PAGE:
Tuesday, 2 October 2012


Great Western beach, Newquay, taken with my mobile. On a hot sunny day, which this wasn't, you could probably imagine you were somewhere exotic, rather than a windswept seaside town in England! Look at those lovely lines! I was in there, slightly further to the west at Towan, not long before...

Anyway, after a boring but thankfully incident-free drive, I arrived yesterday. I'm staying in a nice surf hostel, Goofys, on Headland Road, which is a nice hostel, comfortable, clean and not horribly expensive (the digital tv in the room could do with a new remote as the existing one is knackered, meaning I have to endure the ads, rather than pressing mute) but they could do with having a bit more parking; my car is parked in another road and I am hoping it won't get bashed or broken into. Headland Rd has changed a lot since I was here last. Gone are some of the surf hostels, such as Fistral Backpackers, not just the businesses but the entire buildings have been demolished and in their place are posh apartments, no doubt only affordable to rich bastards looking for a second home (coming from the Isle of Wight, second homes are a sore topic!) because there's no way these are affordable homes.

The wind has been strengthening and, as I type, it sounds like a full gale out there, but this didn't affect the surfing. Fistral was too big and closed out, as the wind was onshore, but we went to Towan Beach by the harbour. Due to the angle of this location,the wind was cross-shore/offshore.

The instructor from ESF was a South African, named Shaun, who was a nice guy. We went though where I was going wrong which, after 14 years, amounts to two things: not being fast enough and, paradoxically, rushing things. I either got to my feet and promptly wiped out as I was rushing things or, when I slowed down, the wave was over. My balance is also questionable but that will come.
Shaun did also say that I had a good standard of fitness, which is rare among beginners/returnees my age and over, good upper body strength and determination and, with practise, I will be quite good. I am on the right track with swimming sessions two or three time a week and doing exercises at home.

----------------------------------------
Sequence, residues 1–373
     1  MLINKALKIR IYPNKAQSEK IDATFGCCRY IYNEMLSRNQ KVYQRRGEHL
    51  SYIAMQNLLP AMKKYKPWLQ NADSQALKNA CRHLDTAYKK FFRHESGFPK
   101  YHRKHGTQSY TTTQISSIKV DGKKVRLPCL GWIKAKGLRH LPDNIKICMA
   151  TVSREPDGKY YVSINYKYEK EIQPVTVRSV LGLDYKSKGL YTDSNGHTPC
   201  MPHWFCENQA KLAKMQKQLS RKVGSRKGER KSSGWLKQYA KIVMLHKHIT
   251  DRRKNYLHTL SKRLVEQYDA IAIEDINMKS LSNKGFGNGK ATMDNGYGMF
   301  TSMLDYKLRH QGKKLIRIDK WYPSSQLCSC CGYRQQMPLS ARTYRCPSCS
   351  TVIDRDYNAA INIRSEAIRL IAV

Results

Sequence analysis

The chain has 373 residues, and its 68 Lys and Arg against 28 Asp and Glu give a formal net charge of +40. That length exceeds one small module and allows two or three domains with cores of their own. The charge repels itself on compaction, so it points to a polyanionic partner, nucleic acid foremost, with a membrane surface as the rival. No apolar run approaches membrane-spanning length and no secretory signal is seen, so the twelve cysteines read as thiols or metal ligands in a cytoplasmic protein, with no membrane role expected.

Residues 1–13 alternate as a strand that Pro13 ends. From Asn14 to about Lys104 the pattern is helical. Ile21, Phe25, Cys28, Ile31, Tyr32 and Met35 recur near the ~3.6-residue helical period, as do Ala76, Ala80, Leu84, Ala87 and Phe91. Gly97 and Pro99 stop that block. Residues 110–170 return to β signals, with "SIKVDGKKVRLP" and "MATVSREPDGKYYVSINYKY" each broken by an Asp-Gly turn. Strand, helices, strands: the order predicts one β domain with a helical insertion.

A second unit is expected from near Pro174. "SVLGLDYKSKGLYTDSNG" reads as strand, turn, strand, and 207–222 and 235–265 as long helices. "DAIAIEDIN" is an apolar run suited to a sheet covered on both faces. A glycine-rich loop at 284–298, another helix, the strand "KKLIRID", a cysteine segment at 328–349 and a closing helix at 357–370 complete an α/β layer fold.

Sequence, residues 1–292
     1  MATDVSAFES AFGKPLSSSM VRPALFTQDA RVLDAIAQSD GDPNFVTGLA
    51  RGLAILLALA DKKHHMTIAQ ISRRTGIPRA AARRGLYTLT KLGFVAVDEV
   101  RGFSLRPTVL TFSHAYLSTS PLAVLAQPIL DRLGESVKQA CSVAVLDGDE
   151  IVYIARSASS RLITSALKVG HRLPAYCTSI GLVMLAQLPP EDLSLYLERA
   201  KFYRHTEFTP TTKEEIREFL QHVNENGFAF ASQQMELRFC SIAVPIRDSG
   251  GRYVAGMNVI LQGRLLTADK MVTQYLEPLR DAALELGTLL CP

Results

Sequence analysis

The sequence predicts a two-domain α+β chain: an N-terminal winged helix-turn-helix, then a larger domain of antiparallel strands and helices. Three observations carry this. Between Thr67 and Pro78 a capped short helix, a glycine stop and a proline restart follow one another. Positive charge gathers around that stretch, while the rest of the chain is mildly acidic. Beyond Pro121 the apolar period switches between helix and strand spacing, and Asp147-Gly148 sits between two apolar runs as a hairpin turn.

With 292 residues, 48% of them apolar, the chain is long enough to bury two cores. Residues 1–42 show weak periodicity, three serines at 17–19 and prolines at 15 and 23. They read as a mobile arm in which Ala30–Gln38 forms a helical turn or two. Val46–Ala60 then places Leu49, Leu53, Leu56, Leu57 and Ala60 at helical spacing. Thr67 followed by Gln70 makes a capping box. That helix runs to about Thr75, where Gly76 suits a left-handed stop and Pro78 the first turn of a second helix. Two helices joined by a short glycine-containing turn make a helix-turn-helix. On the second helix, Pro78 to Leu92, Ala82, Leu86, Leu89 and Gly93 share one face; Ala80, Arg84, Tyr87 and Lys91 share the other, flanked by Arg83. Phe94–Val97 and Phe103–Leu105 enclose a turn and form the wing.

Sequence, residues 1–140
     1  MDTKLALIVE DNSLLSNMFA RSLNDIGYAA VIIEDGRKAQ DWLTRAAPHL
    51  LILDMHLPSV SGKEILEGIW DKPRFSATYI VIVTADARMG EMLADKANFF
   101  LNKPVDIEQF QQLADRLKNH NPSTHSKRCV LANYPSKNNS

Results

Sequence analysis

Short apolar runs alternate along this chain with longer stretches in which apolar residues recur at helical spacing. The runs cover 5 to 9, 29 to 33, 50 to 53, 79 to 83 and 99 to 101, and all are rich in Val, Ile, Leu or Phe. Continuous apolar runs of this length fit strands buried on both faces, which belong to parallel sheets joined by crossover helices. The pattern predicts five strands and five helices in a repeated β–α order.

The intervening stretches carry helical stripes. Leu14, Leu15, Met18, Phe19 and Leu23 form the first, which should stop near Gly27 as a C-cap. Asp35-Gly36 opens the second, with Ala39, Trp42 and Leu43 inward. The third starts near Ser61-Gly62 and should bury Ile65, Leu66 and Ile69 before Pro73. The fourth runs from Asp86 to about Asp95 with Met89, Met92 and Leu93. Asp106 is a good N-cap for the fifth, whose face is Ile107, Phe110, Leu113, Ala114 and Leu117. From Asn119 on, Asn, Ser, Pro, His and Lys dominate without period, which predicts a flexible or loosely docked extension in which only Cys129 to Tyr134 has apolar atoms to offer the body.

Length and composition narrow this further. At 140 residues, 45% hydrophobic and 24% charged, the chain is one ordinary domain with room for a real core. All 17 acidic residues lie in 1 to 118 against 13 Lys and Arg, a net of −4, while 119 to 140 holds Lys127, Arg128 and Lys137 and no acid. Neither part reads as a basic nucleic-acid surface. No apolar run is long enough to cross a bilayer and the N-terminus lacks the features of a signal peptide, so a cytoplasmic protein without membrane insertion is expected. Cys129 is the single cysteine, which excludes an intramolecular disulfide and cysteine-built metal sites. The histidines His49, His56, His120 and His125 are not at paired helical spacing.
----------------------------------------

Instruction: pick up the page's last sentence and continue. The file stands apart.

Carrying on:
Out again tomorrow, hopefully. As I said, it's blowing a gale at the moment so I am hoping that's died down by morning. It should do, according to the forecast.

I had been looking for a decent pair of casual shoes, the sort that are like soft deck shoes, only more substantial (like Vans) while I was here, and the surf shops are good places as any to look. Unfortunately I was having trouble finding a decent pair that fit. I am a size 6 and while this is a common size in women's shoes why do we get no choice other than purple, baby blue or pink, ffs?! I HATE girly colours and had to resort to looking among the men's shoes only to find that their sizes began at 7. Jeez, how annoying. The companies should take note as I know I am not the only one who feels like this, quite a lot of other women hate the lack of choice in colours and styles - not only to we have to endure pastel colours in the pink to purple range, a lot of clothes for women are too figure-hugging or revealing, as well. No, I don't 'bat for the other side', I am just fed up with stereotyping. The surf mags are just as bad for stereotyping, showing women, usually the blonde, long-haired, svelte type, in nothing but bikinis.
Anyway, back on topic, and off my soap-box, I eventually found a nice pair at Quiksilver's Fistral Beach shop, in my size, a nice sober colour, with no revolting pinks, purples or baby blues to be found and, even better, reduced in the sale to £29! Stoked. :-)